It also helps that, as New York Times critic Giovanni Russonello observed, “Batiste’s biggest model, as a musician and a public figure, is a very old one: Louis Armstrong, the first pop-music virtuoso of the recorded era, who was getting his start about 100 years ago. That mix of affability and seriousness, the deployment of humility, the insistence on values outside of an explicit political claim, the old-time Crescent City flair: All were aspects of Batiste’s acceptance speech and the WE ARE LP itself, and all are pieces of the Satchmo playbook.”
That brings us to the 2023 Grammys, airing live this Sunday. Does anybody have the right combination of industry respect, musical chops, and pop savvy to “pull a Batiste” and upset frontrunners Beyoncé, Adele, Lizzo, and Kendrick Lamar? The clearest interlopers are ABBA, Mary J. Blige, and Brandi Carlile—their presence in the Record of the Year and Album of the Year categories means they have significant support from the Recording Academy. For years, panels of “experts” would finalize the nominations, but the opacity that these panels created fueled criticism—most pointedly from The Weeknd—and prompted NARAS to do away with them. Now, members whittle down hundreds of eligible recordings in each category to the final five or 10 in a preliminary round of voting. That means ABBA, Blige, and Carlile have significant constituencies despite their more lackluster (at least, compared to Beyoncé) chart performances.
ABBA has a good story, as they returned after a 40-year break to record Voyage, a project bolstered by the band’s savvy decision to create hologram versions of themselves to perform the songs “live” on “tour” while the members stayed at home. Blige, meanwhile, has a fruitful history with the Grammys dating back to 2009; she’s racked up 37 nominations and nine wins in that time. She’s nominated six times this year, but it’s hard to imagine someone seen so clearly in the R&B world being able to cross voting blocs like Batiste did.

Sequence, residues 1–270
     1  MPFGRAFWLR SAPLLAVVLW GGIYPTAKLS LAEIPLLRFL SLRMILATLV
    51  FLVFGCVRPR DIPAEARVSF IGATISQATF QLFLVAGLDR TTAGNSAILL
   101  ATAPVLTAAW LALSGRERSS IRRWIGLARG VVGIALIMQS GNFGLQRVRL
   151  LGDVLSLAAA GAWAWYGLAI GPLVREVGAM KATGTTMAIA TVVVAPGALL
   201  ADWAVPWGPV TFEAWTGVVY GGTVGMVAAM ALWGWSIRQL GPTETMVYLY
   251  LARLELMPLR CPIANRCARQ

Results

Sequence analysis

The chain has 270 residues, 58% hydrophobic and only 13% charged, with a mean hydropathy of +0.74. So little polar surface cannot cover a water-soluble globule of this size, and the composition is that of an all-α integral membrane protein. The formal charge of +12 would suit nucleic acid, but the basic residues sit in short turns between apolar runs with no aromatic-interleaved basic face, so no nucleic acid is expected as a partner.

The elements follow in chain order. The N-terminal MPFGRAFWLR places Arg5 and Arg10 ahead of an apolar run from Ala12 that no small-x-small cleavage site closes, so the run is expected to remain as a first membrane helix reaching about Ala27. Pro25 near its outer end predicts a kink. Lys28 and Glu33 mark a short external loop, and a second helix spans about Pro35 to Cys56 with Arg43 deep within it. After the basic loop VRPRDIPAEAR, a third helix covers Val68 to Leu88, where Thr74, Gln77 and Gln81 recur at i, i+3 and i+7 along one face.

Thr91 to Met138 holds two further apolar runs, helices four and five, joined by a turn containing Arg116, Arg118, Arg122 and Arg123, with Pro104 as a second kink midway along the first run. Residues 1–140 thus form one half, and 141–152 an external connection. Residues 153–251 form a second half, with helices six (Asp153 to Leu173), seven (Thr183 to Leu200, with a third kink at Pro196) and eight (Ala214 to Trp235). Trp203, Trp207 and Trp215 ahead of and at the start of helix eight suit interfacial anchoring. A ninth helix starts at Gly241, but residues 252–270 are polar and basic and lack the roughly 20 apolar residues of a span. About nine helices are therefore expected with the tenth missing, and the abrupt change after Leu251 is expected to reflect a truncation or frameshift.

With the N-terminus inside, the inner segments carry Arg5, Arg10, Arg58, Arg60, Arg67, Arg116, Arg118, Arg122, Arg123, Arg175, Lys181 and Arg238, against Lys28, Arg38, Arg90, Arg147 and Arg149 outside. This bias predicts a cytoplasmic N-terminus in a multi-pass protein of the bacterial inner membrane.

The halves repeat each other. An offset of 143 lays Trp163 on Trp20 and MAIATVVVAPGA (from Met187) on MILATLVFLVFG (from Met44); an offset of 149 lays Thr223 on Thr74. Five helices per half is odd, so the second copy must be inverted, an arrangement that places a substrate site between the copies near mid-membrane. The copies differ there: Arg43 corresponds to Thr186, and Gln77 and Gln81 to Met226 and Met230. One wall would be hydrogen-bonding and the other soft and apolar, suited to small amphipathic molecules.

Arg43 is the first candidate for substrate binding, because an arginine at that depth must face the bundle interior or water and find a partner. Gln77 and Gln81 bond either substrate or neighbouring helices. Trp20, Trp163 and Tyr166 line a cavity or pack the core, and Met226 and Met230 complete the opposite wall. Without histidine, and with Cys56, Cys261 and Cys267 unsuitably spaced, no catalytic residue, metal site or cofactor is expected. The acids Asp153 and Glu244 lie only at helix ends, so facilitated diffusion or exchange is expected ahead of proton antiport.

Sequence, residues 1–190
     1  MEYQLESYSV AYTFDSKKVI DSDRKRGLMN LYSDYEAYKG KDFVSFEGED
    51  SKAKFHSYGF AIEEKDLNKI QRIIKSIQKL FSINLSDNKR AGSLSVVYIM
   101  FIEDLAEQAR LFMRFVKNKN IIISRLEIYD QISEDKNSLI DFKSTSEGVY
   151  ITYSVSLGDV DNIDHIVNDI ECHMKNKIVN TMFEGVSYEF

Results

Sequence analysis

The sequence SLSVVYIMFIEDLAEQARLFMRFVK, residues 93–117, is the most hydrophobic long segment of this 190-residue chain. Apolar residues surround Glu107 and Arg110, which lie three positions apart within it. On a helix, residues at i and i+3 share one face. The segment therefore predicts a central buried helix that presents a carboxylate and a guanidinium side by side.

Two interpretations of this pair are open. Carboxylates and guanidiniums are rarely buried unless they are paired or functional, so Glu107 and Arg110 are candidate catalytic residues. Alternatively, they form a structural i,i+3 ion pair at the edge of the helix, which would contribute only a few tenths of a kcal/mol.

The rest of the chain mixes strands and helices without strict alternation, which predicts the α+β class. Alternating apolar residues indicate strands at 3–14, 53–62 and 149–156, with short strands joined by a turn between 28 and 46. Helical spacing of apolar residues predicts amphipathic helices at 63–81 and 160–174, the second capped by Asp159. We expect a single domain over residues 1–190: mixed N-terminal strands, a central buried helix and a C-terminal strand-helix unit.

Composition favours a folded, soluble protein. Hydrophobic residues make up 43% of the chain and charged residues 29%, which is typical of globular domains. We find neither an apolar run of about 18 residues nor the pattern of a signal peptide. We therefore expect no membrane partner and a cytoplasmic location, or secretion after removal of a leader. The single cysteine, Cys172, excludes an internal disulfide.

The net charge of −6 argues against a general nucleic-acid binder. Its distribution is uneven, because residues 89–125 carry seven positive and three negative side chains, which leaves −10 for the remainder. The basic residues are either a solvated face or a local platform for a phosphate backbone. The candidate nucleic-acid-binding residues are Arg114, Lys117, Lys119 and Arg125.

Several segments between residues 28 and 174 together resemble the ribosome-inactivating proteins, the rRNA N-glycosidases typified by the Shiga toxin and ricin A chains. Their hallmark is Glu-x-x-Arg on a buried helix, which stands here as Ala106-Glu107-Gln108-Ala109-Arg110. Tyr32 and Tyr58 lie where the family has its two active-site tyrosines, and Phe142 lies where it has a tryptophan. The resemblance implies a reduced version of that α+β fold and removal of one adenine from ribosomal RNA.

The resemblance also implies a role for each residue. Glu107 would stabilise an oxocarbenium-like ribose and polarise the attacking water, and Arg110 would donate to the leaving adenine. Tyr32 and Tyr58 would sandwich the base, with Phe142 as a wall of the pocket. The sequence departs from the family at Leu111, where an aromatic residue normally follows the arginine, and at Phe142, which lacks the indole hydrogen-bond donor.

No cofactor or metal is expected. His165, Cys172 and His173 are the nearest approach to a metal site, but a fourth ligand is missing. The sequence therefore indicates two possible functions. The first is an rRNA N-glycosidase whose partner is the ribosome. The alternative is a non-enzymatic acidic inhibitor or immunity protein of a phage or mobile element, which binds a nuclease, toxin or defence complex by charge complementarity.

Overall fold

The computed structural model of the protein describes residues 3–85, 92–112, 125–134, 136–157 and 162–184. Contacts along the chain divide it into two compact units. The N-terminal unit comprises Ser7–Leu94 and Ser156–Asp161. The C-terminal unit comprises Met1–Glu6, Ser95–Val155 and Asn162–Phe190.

If there’s a Batiste this year, it’s Carlile. Her seventh studio album, In These Silent Days, reached No. 3 on the Billboard 200 chart, and she’s become a regular presence at the show in recent years, racking up 24 nominations since 2015.
It’s also understandable if her supporters in NARAS feel some level of attachment to her success. Carlile’s thunderous performance of “The Joke” on the Grammy telecast in 2019 was her breakout moment; it helped the song top Billboard’s Rock Digital Song Sales chart and became the biggest-selling single of Carlile’s career to date. It also won two Grammys and, most importantly, let a roomful of Grammy voters and 19.9 million people at home hear the power and drama she can muster on stage. Before the song ended, Maren Morris and much of the audience gave her a standing ovation while Post Malone nodded approvingly.
Like Batiste, Carlile has never fit neatly into any musical box, but she’s a known commodity in the music business, thanks in part to her willingness to collaborate—she took home a pair of Grammys in 2020 for producing Tanya Tucker’s Bring My Flowers Now. She has collaborated live or on record with The Highwomen, Dolly Parton, Dave Matthews, Sturgill Simpson, The Indigo Girls, and countless others, which means tons of musicians and those in the industry around them know Carlile well.
Batiste benefited from a similar awareness within the industry stemming from his own collaborations and his national platform as bandleader on The Late Show with Stephen Colbert, where he performed with many of the show’s musical guests. At a time when, as Driebe complained, “It’s impossible to keep up with all the new music” and Doucet didn’t know where to hear these songs in the wild, that kind of familiarity counts.
Carlile brings artistic gravitas and social engagement to the table as well, which makes her a viable alternative for pop skeptics and musical traditionalists alike. I’d still bet on Beyoncé and Renaissance, but if the pop vote splits between her, Lizzo, Adele, and Harry Styles, Carlile’s In These Silent Days could come out on top and give Grammy critics yet another reason to complain about an out-of-touch institution.